ST. LOUIS, MO- The U.S. economy is on solid ground and bringing higher transportation costs, according to Rosalyn Wilson, supply chain expert and senior business analyst with the management services firm Parsons.
“With carriers gaining more control over rates and capacity tightening, total freight spend in 2014 was higher than in any preceding year,” Wilson said. “As long as capacity remains precariously balanced, we will continue to see a slow trend upwards.”
Parsons’ Cass Freight Index, which measures trends in North American shipping activity based on $23 billion in paid freight expenses for hundreds of large shippers, showed shipment volumes and freight spending both dropped in January, but were at their highest level for the month in three years.
The number of shipments fell 4.7 percent from December, but gained 2.7 percent over last year’s numbers, with the January shipments index at its highest level for the month since January 2012.
Freight spending continued falling for the third consecutive month in January, dropping 5.7 percent from December, but was three percent higher compared to the same time in 2014 and was the highest January index level on record for expenditures.
When it comes to the decline in freight expenditures, Wilson said much of it can be attributed to the fall in the number of shipments, while also partially due to the weak freight market which held rates in check.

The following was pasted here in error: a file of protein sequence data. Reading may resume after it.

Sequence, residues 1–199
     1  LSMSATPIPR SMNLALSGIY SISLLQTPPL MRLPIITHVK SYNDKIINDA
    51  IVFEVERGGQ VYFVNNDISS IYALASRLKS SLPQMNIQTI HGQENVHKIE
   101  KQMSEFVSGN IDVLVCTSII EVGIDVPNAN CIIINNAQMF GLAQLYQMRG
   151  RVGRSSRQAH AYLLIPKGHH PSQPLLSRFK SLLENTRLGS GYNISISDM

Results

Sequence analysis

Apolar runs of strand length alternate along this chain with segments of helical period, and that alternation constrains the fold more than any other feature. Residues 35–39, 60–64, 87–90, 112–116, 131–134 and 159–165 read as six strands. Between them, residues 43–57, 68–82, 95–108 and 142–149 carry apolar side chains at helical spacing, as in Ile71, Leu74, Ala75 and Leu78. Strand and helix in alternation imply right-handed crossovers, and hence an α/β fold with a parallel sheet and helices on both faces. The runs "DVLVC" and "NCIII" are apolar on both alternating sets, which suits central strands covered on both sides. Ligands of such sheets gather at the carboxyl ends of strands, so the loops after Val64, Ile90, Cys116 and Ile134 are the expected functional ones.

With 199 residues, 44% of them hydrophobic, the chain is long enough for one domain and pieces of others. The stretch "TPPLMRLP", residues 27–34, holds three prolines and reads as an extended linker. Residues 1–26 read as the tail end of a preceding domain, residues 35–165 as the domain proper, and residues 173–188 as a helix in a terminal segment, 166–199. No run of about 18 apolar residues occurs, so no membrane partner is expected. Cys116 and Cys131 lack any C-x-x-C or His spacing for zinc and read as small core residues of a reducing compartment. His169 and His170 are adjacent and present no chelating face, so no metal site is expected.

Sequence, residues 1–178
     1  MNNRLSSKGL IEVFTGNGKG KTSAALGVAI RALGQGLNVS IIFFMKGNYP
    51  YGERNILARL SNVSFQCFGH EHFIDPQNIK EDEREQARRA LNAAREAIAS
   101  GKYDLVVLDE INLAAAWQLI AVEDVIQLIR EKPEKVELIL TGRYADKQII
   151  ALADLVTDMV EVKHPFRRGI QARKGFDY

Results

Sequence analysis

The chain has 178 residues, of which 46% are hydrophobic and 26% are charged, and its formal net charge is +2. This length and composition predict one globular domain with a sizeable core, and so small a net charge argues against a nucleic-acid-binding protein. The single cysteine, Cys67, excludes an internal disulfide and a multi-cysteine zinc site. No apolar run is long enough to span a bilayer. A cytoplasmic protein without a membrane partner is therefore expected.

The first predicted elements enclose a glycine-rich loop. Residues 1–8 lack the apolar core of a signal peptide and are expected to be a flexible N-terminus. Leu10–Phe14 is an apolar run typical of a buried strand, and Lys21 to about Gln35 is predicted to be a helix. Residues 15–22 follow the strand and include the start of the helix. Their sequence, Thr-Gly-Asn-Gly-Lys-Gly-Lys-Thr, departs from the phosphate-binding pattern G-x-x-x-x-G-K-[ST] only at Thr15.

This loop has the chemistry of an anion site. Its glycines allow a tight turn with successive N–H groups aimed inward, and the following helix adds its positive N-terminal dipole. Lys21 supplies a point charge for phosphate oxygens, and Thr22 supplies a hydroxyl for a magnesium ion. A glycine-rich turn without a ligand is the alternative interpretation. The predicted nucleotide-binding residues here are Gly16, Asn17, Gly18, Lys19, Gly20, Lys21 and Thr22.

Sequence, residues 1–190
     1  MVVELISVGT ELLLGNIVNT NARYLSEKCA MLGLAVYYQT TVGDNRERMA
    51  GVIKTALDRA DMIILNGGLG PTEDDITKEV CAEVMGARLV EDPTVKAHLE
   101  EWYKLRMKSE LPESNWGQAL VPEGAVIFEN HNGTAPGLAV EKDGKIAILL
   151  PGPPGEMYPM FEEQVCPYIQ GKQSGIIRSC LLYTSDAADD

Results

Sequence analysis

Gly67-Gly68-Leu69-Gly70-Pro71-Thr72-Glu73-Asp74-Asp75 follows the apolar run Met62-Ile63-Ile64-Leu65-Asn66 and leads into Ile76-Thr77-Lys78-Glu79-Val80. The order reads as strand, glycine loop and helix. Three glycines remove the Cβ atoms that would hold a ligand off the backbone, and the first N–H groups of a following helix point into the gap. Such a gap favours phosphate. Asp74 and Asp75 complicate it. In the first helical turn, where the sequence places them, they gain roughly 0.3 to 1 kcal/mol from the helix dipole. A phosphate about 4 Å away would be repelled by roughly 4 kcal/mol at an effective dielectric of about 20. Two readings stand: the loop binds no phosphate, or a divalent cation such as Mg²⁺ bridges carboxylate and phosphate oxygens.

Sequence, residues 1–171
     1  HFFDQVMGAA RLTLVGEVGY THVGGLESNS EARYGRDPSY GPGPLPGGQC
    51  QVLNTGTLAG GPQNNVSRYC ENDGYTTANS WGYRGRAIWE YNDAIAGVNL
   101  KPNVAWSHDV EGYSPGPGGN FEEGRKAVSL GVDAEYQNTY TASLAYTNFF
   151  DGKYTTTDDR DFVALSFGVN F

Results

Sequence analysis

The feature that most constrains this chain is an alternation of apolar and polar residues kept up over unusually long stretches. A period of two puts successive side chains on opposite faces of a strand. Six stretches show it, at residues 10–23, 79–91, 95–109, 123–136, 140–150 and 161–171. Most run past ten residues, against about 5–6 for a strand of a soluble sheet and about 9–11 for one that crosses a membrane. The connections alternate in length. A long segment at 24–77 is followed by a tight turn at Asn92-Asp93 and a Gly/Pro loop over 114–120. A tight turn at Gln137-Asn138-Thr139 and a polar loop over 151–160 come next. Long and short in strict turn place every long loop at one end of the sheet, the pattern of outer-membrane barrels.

“When the economy picks up later this year we should see a steeper rise in total dollars spent, reflecting higher freight rates,” she said. “It is important to note that freight volume has not yet returned to pre-recession levels, but that spending on freight is substantially higher than it was in 2007.”
Wilson said numbers show declines in U.S. manufacturing in terms of new orders and order backlog, though not unexpected for January, which could signal more than a temporary drop in shipments in coming months.
“It is also good news for carriers, as most of the industry is in agreement that the ability to control rates is shifting back into the hands of carriers and that rate increases will be significant. However, sustained growth in 2015 will exacerbate the capacity problems experienced in 2014,” Wilson said. “Carriers do not currently have the necessary capacity, infrastructure and systems to efficiently move goods as freight volume rises in 2015.”
Bad weather; labor problems; fleet capacity issues for truck, rail and other equipment, especially container chassis; and inadequate infrastructure will combine to not only create new freight bottlenecks, but also to push up the cost to move freight, according to Wilson.
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